The Marketing of Technology Intensive Products and Services: Driving Innovations for Non-Marketers

The Marketing of Technology Intensive Products and Services: Driving Innovations for Non-Marketers

By: Patrick Corsi (author), Mike Dulieu (author)Hardback

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Description

This book provides the basic models and methods for the profitable use and marketing of advanced technology. It provides a guide to developing and administering marketing plans, conducting market research, searching for and managing partners, tapping capital for innovation, scoping adequate pricing methods, managing intellectual property rights, and selling and distributing products and services. It also shows how to develop formatted business plans for investors. This title is uniquely focused on the critical technology/market interface, and provides an executive introduction to marketing these products and services.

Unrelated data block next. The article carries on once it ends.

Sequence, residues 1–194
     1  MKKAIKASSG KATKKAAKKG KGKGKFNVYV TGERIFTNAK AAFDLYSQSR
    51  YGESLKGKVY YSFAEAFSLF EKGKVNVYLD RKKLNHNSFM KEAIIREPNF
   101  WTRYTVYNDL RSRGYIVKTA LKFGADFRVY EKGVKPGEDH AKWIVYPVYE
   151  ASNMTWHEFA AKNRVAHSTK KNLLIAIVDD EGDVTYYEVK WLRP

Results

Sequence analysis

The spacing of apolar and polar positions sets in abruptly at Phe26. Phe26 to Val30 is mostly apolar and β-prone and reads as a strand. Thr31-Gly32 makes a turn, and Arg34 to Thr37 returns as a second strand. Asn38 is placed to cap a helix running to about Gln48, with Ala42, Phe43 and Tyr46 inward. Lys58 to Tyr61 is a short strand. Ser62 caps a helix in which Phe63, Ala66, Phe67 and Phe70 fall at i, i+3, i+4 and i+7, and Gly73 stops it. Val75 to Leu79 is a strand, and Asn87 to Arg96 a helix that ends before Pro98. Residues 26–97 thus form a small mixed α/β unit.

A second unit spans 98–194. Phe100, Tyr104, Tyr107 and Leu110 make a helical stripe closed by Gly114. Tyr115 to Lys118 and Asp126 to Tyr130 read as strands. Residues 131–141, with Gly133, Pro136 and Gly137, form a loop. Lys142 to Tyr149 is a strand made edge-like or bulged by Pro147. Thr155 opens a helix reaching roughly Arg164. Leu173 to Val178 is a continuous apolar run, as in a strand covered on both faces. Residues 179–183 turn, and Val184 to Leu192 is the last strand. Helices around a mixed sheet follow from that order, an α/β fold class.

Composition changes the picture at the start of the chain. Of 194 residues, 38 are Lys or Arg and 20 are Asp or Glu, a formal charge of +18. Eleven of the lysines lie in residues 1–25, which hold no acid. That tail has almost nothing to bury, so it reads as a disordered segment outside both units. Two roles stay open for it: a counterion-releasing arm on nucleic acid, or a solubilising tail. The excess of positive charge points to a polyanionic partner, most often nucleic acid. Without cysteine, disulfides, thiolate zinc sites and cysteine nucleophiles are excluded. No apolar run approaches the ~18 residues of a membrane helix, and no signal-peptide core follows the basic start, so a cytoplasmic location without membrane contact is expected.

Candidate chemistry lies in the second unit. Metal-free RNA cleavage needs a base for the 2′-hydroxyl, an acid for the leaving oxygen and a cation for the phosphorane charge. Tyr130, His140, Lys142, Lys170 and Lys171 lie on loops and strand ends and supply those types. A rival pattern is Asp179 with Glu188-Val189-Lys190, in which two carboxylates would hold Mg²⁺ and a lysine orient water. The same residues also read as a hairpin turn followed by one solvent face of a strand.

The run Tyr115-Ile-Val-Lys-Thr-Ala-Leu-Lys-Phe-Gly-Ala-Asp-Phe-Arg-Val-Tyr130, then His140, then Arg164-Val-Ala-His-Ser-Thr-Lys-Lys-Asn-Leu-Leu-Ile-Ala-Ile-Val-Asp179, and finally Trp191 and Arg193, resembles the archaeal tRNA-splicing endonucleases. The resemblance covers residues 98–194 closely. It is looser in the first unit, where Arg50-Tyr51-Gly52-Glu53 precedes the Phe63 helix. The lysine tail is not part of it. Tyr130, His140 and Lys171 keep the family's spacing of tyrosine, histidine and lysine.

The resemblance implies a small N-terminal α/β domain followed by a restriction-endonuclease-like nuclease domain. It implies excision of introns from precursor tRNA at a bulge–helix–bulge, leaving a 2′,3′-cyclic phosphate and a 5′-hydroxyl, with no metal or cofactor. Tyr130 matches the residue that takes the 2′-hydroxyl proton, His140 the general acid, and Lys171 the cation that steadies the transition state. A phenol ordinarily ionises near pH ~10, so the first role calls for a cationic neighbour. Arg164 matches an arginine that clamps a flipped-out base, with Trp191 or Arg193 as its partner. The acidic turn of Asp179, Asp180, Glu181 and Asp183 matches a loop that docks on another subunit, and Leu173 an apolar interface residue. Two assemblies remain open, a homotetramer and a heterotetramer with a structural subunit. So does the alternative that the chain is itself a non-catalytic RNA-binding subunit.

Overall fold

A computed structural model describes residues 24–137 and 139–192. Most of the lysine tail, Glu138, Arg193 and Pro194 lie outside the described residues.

About Author

Patrick Corsi is an international consultant in innovation engineering at KINNSYS, Brussels, Belgium and is an Associate Professor at ISTIA Innovation, Angers University, France.Mike Dulieu has expertise in consultancy, general and technical management and sales and marketing roles. He has a wide knowledge of a number of vertical and horizontal markets, technologies and applications and has broad international experience.

Contents